Lehman; Another Investment Bank in Dire Straits

From the WSJ tonight:

The outlines of plans to determine the fate of Lehman Brothers Holdings Inc. emerged today even as it became increasingly clear that a clean sale of the entire firm to a big bank would be too difficult to execute.  A sense of optimism that a rescue could be arranged today dimmed as a growing sense of gloom descended on Wall Street. Executives from top banks in the U.S. and Europe huddled with federal regulators in an attempt to come up with plans to either buy pieces of Lehman or prepare for an orderly winding down of the firm in a manner that would minimize the collateral damage for the ailing global financial system. After 6 p.m., the formal meeting ended for the day with no resolution

Barclays and Bank of America were named as showing interest in purchasing parts of Lehmnan but neither wants to buy all of Lehman without some form of government help and so far the government has been reluctant to offer any assistance.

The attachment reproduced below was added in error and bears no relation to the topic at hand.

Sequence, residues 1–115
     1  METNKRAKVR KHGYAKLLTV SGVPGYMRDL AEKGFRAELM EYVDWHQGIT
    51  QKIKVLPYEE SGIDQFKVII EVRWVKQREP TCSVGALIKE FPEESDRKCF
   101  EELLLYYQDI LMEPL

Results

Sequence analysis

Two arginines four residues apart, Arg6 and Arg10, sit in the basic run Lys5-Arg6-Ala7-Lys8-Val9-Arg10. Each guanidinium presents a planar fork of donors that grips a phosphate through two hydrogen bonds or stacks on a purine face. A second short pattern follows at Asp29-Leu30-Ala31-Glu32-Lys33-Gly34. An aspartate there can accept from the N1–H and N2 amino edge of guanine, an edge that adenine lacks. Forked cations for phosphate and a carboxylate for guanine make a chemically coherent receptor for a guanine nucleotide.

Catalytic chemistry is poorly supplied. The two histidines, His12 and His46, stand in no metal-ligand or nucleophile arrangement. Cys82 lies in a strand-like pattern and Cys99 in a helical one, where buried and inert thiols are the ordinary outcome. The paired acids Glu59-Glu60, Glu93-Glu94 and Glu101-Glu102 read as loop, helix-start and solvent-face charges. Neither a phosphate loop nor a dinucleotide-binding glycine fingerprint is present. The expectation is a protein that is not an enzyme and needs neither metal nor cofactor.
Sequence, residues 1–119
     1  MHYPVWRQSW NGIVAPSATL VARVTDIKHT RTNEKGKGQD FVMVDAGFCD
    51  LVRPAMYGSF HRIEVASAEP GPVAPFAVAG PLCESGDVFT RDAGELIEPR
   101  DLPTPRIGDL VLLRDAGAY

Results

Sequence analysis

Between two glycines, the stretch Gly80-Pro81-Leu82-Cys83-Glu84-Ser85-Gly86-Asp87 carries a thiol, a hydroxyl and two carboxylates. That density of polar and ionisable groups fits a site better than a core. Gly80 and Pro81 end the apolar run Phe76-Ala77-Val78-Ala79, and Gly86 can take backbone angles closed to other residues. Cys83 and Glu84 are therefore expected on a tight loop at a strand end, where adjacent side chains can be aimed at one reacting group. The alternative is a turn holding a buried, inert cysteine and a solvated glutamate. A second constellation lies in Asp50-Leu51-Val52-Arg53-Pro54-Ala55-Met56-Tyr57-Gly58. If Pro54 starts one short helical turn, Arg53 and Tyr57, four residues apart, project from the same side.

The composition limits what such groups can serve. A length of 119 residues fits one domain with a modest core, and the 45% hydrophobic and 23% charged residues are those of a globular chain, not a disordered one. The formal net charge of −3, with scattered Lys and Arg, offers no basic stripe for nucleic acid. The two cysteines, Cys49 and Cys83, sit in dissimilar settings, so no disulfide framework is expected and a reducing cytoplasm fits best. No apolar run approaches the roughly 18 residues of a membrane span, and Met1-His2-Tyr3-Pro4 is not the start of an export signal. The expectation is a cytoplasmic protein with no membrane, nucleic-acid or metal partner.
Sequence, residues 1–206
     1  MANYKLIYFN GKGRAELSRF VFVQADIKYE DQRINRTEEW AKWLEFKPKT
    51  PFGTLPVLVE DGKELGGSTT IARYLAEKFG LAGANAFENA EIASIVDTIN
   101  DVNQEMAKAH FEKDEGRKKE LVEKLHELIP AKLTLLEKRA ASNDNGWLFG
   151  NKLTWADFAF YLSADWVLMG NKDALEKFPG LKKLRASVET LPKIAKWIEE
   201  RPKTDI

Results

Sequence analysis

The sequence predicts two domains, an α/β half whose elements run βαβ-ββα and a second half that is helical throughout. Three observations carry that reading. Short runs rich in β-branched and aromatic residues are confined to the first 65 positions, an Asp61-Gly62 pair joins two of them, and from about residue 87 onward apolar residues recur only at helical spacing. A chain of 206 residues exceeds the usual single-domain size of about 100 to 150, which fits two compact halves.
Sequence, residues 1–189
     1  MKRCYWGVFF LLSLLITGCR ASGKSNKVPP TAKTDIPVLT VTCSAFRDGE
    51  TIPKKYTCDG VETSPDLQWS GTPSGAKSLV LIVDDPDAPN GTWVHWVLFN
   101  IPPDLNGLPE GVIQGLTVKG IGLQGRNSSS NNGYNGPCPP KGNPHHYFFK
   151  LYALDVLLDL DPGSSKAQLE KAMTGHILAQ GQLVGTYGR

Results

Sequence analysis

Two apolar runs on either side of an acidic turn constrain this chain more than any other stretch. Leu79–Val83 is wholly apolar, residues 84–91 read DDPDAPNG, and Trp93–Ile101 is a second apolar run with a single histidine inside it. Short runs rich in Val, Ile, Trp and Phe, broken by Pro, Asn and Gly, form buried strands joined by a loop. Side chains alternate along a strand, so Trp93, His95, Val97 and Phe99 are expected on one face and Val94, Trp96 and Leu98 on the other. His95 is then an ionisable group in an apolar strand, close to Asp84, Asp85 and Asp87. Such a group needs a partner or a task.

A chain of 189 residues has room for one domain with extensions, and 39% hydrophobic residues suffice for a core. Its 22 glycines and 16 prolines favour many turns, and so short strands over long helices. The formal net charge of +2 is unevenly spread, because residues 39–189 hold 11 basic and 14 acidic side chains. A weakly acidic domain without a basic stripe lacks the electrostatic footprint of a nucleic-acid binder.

There is fear that fire-sale prices of what’s on Lehman’s real estate book could spark a problems for more Wall Street firms as they are forced to admit the street price of their assets.

Here is an actual ad posted on craigslist today, hat tip Dick from the CR comments:

Lehman Brothers (Midtown West)

Reply to: sale-837736866@craigslist.org
Date: 2008-09-12, 10:18AM EDT 

Hey guys — I’m looking to get rid of my investment bank. Nice assets. Slightly beleaguered. Will consider trades. Ask for Richard.

it’s NOT ok to contact this poster with services or other commercial interests

PostingID: 837736866

Sunday and Monday should be interesting. Anyone betting on a emergency rate cut?

150 thoughts on “Lehman; Another Investment Bank in Dire Straits

  1. From the FT. Talks will continue tomorrow:

    “Saturday Sep 13 2008 20:20